Many have tried over the centuries to explain the amazing responsiveness of Stradivarius violins, some saying it is the wood from a particular era grown in a cold period in Europe’s history, while others say it’s the varnish, or the chemicals used by Cremona makers to treat the wood used in violins against insect attack. Joseph Nagvary is one of the latter. A Hungarian-born biochemist and luthier, Nagvary analysed both the varnish and the insect treatment techniques of the old masters, and is convinced that he can reproduce the Strad sound qualities in his own instruments through the right treatment of the timber and the right varnish.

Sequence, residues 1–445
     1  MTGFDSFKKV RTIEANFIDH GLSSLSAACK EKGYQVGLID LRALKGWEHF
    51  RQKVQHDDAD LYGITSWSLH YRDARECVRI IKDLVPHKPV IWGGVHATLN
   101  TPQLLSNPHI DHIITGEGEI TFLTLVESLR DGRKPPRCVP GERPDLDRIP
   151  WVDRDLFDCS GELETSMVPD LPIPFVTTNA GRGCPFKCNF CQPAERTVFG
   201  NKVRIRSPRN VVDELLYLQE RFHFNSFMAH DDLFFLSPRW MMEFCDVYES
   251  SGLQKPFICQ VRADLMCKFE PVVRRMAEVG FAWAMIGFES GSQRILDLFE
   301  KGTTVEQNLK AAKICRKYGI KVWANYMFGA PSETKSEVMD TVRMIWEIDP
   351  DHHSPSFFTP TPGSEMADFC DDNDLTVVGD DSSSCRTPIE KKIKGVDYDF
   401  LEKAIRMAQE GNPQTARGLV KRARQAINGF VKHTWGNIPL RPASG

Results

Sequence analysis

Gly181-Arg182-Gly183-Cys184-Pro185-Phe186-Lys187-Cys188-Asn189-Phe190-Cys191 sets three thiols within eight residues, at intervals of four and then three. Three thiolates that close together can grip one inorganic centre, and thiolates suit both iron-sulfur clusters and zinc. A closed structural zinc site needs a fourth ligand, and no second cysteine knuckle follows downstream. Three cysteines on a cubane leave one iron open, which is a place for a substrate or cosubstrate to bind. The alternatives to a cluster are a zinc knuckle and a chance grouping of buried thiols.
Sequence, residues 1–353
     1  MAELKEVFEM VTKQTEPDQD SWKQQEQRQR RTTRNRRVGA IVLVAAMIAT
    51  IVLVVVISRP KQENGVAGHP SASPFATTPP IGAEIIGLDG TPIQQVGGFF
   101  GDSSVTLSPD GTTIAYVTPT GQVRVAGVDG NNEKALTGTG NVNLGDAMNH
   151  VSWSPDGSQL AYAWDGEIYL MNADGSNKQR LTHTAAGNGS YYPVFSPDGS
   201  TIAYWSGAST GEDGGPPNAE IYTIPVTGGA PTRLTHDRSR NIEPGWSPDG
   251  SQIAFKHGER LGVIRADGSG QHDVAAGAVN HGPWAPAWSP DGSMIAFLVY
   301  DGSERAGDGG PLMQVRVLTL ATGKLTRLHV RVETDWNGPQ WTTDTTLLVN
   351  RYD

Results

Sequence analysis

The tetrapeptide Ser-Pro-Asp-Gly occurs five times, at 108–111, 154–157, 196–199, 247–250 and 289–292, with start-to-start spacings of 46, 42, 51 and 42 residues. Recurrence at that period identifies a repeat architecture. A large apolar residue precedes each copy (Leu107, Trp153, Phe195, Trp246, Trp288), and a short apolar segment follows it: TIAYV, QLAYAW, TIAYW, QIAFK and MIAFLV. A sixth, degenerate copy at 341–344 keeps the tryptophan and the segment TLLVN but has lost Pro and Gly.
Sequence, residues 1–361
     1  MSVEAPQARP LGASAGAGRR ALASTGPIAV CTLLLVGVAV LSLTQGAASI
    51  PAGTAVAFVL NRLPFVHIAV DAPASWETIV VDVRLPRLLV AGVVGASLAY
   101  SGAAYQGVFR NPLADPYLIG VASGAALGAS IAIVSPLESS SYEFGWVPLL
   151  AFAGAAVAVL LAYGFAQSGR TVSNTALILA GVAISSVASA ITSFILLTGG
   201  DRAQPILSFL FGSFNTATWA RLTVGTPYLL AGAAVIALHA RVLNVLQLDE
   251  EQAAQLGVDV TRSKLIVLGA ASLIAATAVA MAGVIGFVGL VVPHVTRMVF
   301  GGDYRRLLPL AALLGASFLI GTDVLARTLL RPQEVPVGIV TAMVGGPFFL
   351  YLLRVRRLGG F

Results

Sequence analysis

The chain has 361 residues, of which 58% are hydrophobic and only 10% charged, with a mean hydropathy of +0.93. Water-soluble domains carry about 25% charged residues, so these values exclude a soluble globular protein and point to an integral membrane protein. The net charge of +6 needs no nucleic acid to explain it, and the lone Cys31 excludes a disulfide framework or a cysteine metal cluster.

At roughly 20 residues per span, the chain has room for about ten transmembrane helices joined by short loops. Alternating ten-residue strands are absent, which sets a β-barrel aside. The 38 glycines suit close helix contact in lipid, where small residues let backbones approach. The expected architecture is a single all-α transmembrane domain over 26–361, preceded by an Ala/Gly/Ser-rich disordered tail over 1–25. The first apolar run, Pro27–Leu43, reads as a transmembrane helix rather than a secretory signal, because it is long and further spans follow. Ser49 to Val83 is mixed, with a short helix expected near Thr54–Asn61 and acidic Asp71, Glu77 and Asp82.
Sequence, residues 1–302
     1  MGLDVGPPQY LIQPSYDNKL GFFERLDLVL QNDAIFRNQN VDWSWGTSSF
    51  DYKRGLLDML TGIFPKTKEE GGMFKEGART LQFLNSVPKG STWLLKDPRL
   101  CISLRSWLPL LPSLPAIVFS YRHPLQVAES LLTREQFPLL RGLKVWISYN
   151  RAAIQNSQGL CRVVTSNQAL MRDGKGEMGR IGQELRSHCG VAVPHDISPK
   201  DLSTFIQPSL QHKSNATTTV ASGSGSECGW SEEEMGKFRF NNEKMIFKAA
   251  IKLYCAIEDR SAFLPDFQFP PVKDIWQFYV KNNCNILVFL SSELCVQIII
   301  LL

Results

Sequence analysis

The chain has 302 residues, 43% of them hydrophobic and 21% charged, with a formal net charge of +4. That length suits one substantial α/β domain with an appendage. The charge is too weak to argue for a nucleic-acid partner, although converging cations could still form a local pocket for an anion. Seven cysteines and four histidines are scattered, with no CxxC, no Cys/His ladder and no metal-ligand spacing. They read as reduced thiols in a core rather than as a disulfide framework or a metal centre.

Personally, I’m skeptical. Far more tonality comes from the way the wood is shaped and thicknessed, and if you look at most strads and Guarnerius instruments – most have either had much of the original varnish worn away, or have been re-varnished – and that doesn’t seem to have affected their tone greatly. Moreover, other scientific research into the Stradivarius varnish shows it to have been little or no different from the standard furniture varnishes used in his time. So I’m still on the side of those who believe a mini ice-age in Europe in the years preceding the making of the Cremona instruments gave rise to the unique tonal stability of those instruments – along with the particular craftsmanship of the top makers of that time.